A government audit of death in custody reform has been described as a “whitewash” by the peak national body campaigning to reduce Indigenous incarceration rates.
Reducing Aboriginal over-representation in the prison system was the major finding of the Royal Commission into Aboriginal deaths in Custody.
The investigation’s final report was delivered nearly 30 years ago, but a government audit tabled in parliament last week showed the rates have doubled since then.
It found 64 per cent of the 339 recommendations of the royal commission have been fully implemented.
A further 30 per cent have been mostly or partially implemented.
Damian Griffis, the co-chair of Change the Record, said the government response has fallen short.
“This report seems to be a whitewash of the inadequate, half-hearted response to RCIADIC over the last 27 years,” he said.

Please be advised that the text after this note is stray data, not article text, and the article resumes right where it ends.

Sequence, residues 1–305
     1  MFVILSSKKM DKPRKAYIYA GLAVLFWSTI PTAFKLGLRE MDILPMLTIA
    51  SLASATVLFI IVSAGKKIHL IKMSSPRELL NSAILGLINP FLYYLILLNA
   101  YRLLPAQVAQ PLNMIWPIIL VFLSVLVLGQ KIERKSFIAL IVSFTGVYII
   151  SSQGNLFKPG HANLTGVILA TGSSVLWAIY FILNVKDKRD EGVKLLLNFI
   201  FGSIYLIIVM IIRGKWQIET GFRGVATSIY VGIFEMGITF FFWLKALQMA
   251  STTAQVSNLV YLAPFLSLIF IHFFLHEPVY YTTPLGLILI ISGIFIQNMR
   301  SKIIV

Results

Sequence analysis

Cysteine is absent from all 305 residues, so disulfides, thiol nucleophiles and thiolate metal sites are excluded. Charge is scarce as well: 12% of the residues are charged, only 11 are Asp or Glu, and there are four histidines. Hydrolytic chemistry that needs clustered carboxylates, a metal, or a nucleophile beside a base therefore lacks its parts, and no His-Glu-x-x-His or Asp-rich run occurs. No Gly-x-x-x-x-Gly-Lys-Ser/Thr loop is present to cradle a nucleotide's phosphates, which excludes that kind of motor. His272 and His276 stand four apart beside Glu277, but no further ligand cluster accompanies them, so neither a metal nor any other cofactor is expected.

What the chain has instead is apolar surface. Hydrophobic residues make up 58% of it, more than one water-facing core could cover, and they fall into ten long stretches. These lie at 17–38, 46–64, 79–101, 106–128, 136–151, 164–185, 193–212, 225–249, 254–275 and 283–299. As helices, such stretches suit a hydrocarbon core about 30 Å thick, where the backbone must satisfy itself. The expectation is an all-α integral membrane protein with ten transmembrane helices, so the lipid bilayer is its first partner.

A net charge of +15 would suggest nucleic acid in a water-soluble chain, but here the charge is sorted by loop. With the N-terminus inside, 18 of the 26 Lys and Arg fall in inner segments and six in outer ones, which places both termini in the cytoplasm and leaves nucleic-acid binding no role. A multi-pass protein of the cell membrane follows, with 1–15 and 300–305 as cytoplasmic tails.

“It doesn’t show a meaningful picture of the whole response to the royal commission because it excludes the voices of Aboriginal and Torres Strait Islander communities.”
Cheryl Axelby, co-chair of the National Aboriginal and Torres Strait Islander Legal Services, said there was a long way to go.
“Unfair laws and policies remain on the books that disproportionately target Aboriginal and Torres Strait Islander people, like mandatory sentencing and imprisonment for unpaid fines,” she said.
Greens Senator Rachel Siewert was also critical.
“Successive governments have had almost 30 years to get this right, but we now see that incarceration rates have in fact doubled since the completion of the royal commission,” she said.
“Imprisonment is not a solution to poverty and social issues and one of the key royal commission recommendations was imprisonment at last resort."
One of the key recommendations yet to be fully implemented across the country is the introduction of the Custody Notification Service (CNS).
To date only New South Wales has implemented a CNS.
Indigenous Affairs Minister Nigel Scullion said he wrote to all states and territories two years ago offering to fund the establishment and first three years operation of a mandatory CNS enshrined in legislation.
“While progress has been unacceptably slow I remain hopeful of delivering this important measure in the near future,” he said.